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CHAPTER 3: Looking-Glass Insects
Of course the first thing to do was to make a grand survey of the country she was going to travel through. `It's something very like learning geography,' thought Alice, as she stood on tiptoe in hopes of being able to see a little further. `Principal rivers--there ARE none. Principal mountains--I'm on the only one, but I don't think it's got any name. Principal towns--why, what ARE those creatures, making honey down there? They can't be bees--nobody ever saw bees a mile off, you know--' and for some time she stood silent, watching one of them that was bustling about among the flowers, poking its proboscis into them, `just as if it was a regular bee,' thought Alice.
However, this was anything but a regular bee: in fact it was an elephant--as Alice soon found out, though the idea quite took her breath away at first. `And what enormous flowers they must be!' was her next idea. `Something like cottages with the roofs taken off, and stalks put to them--and what quantities of honey they must make! I think I'll go down and--no, I won't JUST yet, ' she went on, checking herself just as she was beginning to run down the hill, and trying to find some excuse for turning shy so suddenly. `It'll never do to go down among them without a good long branch to brush them away--and what fun it'll be when they ask me how I like my walk. I shall say-- "Oh, I like it well enough--"' (here came the favourite little toss of the head), `"only it was so dusty and hot, and the elephants did tease so!"'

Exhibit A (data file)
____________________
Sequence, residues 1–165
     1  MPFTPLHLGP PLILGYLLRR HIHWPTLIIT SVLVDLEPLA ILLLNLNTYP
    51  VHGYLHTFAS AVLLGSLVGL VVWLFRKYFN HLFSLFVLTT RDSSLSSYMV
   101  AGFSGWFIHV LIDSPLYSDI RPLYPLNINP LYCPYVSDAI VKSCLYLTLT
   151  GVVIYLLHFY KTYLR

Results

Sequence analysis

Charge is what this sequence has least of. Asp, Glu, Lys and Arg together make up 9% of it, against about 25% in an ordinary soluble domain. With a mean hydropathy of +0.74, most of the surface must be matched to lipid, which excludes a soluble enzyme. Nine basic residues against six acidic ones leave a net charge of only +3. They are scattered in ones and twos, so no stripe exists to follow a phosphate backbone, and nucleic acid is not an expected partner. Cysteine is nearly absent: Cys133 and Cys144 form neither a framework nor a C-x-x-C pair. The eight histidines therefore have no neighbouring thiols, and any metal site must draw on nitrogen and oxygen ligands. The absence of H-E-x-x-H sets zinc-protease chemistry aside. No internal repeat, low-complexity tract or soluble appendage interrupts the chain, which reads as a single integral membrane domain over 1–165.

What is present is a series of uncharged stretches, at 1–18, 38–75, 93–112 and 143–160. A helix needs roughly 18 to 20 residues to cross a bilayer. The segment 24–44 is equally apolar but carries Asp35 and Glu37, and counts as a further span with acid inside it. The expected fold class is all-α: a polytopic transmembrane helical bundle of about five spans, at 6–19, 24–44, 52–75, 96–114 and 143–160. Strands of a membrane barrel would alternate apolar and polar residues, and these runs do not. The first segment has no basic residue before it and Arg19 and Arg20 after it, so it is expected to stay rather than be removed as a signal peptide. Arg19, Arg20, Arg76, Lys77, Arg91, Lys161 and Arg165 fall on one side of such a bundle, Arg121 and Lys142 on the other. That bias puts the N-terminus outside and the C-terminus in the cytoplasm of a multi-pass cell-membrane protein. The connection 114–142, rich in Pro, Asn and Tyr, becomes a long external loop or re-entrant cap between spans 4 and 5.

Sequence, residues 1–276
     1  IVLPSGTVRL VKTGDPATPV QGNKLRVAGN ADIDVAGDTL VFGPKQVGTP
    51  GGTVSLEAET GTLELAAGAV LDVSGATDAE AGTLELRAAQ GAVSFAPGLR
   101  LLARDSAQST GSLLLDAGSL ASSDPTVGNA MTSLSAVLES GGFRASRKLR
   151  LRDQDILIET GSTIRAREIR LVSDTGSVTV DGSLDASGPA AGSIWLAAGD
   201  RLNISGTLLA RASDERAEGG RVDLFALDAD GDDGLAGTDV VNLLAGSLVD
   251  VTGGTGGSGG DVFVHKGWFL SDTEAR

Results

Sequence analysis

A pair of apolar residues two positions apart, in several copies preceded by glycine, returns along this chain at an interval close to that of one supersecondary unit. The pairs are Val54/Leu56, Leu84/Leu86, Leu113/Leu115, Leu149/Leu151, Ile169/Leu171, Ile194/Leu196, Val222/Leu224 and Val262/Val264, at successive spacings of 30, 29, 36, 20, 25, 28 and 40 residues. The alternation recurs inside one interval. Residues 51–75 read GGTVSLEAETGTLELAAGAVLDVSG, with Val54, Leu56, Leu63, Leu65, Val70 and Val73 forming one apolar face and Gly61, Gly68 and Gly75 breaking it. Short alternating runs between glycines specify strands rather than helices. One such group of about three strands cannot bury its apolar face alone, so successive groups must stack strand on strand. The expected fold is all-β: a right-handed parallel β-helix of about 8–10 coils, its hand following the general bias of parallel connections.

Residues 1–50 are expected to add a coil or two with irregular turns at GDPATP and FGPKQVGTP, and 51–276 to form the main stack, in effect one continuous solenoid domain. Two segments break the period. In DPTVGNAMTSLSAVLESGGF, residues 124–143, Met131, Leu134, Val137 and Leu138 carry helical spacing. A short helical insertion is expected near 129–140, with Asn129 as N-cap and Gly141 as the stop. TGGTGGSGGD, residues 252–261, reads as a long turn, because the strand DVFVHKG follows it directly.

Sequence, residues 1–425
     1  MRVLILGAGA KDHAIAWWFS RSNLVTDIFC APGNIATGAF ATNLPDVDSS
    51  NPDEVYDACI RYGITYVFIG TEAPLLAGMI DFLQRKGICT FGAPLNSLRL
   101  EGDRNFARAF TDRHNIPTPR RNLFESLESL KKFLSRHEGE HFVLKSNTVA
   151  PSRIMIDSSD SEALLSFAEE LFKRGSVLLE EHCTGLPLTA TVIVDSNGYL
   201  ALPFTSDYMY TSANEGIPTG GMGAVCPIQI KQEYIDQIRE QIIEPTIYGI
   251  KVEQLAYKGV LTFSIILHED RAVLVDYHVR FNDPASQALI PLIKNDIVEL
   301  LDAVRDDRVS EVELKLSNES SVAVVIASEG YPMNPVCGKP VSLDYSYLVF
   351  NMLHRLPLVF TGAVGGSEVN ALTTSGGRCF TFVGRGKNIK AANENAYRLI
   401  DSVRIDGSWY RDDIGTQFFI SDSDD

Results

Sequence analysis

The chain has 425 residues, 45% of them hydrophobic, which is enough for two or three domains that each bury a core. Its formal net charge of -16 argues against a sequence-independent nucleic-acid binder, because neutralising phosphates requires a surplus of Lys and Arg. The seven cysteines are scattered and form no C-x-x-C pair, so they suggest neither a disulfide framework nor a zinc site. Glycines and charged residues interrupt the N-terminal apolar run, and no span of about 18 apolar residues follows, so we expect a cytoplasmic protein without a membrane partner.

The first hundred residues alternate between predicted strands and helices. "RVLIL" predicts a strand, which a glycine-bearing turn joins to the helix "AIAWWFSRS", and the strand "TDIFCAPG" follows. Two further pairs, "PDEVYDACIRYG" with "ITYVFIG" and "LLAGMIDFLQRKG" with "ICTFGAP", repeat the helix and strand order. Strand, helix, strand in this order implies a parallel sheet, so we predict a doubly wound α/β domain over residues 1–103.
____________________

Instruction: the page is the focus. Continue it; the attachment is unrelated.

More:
`I think I'll go down the other way,' she said after a pause: `and perhaps I may visit the elephants later on. Besides, I do so want to get into the Third Square!'
So with this excuse she ran down the hill and jumped over the first of the six little brooks.
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